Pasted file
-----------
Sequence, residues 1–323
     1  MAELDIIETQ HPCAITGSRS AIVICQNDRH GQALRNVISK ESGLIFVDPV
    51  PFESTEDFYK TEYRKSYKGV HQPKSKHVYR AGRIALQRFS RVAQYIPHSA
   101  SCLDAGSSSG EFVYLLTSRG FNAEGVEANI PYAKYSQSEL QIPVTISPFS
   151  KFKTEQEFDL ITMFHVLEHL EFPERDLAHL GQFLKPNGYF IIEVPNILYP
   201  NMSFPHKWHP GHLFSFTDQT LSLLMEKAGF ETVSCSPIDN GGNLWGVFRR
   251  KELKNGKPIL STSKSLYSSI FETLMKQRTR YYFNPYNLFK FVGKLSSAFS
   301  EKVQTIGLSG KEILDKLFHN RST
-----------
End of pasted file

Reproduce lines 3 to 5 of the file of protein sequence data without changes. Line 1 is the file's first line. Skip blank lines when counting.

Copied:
    51  PFESTEDFYK TEYRKSYKGV HQPKSKHVYR AGRIALQRFS RVAQYIPHSA
   101  SCLDAGSSSG EFVYLLTSRG FNAEGVEANI PYAKYSQSEL QIPVTISPFS
   151  KFKTEQEFDL ITMFHVLEHL EFPERDLAHL GQFLKPNGYF IIEVPNILYP